With less than one week before the 52nd annual Freddie Fixer Parade, I thought it would be a great idea to inform readers about both the progress and the impediments that are still prevalent within the African-American community, as they relate to this historic event.
Five years ago this week, I accepted the challenge and responsibility of restoring the image and the original mission of the Freddie Fixer Parade. As a volunteer who remained behind the scenes for more than 13 years before having the privilege of taking on that task, I must admit, I have learned multiple lessons about leadership and the lack thereof within the New Haven community that will truly remain with me forever.
Those lessons are limited only to the imagination of anyone who has been a lifelong resident of the city of New Haven, just as I have. Rumors of violence and the fear of violence at the Freddie Fixer Parade had paralyzed the city for so long that I was called crazy for trying to resuscitate this event. Yet, I saw something all along that not everyone else has been willing to admit to seeing for years, and that is of those who have created and have allowed this dreadful fear to linger, the New Haven community itself.
But they are not alone. Let's talk Truth.
Seventeen years ago, I was fortunate to become a homeowner as a young black man and I chose to live in a neighborhood that no other prospective homeowner would have ever considered at that time, Blake Street.
Just like most members of the city's government, I had lived in a suburban section of the city of New Haven prior to moving to the Blake Street area and I could have remained there if I had chosen to. However, I saw the potential of that residential area and had always believed that it wasn't the area itself that was bad, but the circumstances suffered by the people who were living in that area, and that the area was in trouble and sinking fast.
Just as the founding members of the Freddie Fixer Parade saw that the Dixwell-Newhallville area of the city was in just as much trouble and decided to act in order to change it.
I immediately attempted to restart a block watch in that area, just as the late Dr. Fred Smith attempted to create affordable housing and drug and alcoholic clinics, to treat those who were in fact products of their own environment.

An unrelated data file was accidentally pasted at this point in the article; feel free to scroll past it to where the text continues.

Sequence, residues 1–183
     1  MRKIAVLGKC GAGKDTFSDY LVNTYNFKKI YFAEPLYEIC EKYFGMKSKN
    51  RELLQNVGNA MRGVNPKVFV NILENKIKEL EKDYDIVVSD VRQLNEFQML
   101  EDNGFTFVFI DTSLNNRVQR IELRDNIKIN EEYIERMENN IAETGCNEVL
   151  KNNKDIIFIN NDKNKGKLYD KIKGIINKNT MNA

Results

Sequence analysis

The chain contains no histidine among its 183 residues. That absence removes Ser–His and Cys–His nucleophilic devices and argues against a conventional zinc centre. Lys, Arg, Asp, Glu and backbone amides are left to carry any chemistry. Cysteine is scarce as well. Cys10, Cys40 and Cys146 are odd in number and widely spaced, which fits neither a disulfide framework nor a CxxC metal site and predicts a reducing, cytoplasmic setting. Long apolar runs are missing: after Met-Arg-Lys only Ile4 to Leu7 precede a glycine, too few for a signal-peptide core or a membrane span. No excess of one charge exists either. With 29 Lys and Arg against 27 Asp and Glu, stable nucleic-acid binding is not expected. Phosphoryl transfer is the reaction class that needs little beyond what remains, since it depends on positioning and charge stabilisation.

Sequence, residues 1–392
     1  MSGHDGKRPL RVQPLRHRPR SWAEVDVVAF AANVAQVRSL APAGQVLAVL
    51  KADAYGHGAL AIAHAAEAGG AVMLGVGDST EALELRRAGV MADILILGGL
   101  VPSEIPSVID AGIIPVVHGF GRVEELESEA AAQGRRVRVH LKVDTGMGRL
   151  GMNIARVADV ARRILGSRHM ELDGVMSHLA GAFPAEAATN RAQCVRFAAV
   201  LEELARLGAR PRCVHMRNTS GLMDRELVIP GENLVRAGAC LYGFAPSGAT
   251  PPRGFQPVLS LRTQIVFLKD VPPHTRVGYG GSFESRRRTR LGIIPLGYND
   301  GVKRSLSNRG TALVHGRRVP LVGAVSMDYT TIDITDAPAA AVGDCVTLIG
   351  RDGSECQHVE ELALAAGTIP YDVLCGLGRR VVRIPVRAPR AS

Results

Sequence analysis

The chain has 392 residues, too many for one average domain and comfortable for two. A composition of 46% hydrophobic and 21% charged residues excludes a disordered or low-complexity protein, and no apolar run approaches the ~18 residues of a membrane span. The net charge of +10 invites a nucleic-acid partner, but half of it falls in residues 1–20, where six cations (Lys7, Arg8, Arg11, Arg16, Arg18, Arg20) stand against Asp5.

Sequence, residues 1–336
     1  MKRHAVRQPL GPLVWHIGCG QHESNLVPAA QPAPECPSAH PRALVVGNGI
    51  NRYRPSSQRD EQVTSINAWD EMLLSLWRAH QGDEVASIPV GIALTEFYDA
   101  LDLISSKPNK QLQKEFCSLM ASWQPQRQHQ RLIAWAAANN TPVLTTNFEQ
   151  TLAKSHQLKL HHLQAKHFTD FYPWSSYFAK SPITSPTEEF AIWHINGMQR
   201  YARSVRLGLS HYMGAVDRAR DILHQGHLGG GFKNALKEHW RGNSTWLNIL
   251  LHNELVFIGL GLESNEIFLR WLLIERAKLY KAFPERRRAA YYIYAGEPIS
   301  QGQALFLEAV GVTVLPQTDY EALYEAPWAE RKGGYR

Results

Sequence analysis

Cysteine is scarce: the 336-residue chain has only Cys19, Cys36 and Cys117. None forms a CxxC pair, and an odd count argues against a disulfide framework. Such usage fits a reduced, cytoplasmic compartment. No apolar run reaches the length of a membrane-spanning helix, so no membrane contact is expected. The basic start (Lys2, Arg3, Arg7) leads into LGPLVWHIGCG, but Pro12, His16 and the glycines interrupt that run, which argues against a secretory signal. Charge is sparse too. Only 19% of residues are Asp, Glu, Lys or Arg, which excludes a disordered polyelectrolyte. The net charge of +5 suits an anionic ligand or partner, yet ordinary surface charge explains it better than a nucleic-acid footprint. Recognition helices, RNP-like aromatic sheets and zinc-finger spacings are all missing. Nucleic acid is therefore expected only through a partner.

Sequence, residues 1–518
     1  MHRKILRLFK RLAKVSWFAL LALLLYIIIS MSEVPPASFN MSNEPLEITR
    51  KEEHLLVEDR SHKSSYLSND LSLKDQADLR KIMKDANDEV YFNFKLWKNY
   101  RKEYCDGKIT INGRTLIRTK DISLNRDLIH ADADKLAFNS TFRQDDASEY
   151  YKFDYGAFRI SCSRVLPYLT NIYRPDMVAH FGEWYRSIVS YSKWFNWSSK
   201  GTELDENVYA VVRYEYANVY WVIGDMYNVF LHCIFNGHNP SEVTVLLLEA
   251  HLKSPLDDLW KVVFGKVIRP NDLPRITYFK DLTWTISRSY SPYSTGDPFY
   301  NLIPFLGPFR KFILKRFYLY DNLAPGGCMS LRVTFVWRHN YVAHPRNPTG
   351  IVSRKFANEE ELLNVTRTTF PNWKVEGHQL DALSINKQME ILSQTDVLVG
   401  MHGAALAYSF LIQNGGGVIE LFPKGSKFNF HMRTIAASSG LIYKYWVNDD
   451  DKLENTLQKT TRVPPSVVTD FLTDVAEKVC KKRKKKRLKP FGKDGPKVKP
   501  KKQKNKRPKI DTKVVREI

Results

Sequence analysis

I, too, was motivated by attempting to create all of the entities that would surely eradicate the causes of poverty and violence involved with the behavior that has cut short too many lives, devastated families, and have them suffer from unbearable pain to date.
However, with this effort, never did I imagine that I would receive as much resistance and criticism from the residents in that area who did not want an overseer to combat the underlying graft that was holding their neighborhood hostage.
The same goes with my efforts to revive the Freddie Fixer Parade and the lack of support from the so-called leaders within the black community. Whatever their reason may be for not supporting the parade, there are several things that remain clear.
First, violence is still prevalent in the black community and most of it that is related to guns is preventable. As for the thousands of negative statements that I have heard each time I attempt to hand out a flier to promote the parade, I'm reminded again how blinded we are to the fact that we must work harder to remove the negative stigma and elements associated with the parade that we ourselves have indeed created.
Register Community Engagement Editor Shahid Abdul-Karim has been a wonderful and powerful advocate for the New Haven community and has helped the Freddie Fixer Parade tremendously with all of the positive exposure and reminders of how and why the parade was established, so that people can be made aware of its true history and purpose.
There are hundreds of brochures circulating in Greater New Haven that contain facts about the parade contrary to the belief and knowledge of many residents who reluctantly admit that they had no clue.
The parade's theme this year is "Moving Forward," as we cannot allow anyone to continue to hold on to past incidents or experiences that have occurred at the Freddie Fixer Parade no more than we should hold on to why a past relationship may have failed. Do we linger on and continue to grasp this dead weight or do we allow the community to continue to use the Freddie Fixer Parade as the ultimate scapegoat for all of the violence that has taken place within the city of New Haven? You, the reader, already know the answer.
With leadership comes criticism and I've had more than my fair share in the five years as the lead organizer of the Freddie Fixer Parade. My goal was simple: To remind the residents of the city of New Haven about an invaluable asset that was created right here by hundreds of dedicated and concerned citizens to prevent many of the issues we complain about today.
The past is something no man or woman can ever change regardless of the level of tragedy. I only ask that before anyone criticizes the efforts of any entity that aims to improve the quality of life for its neighbors that you take a drop of that same energy used to criticize, and put it toward joining with those who are trying to make a difference.
The Freddie Fixer Parade is the perfect opportunity for an entire community to come together in peace and without fear of anyone disrupting the true mission and purpose of this historic event. Let's place our faith over fear, because our children's lives deserve better!
Maurice W. Smith is president of the Freddie Fixer Parade, which steps off at 1:30 p.m. Sunday, beginning at Dixwell Avenue and Morse Street in Hamden.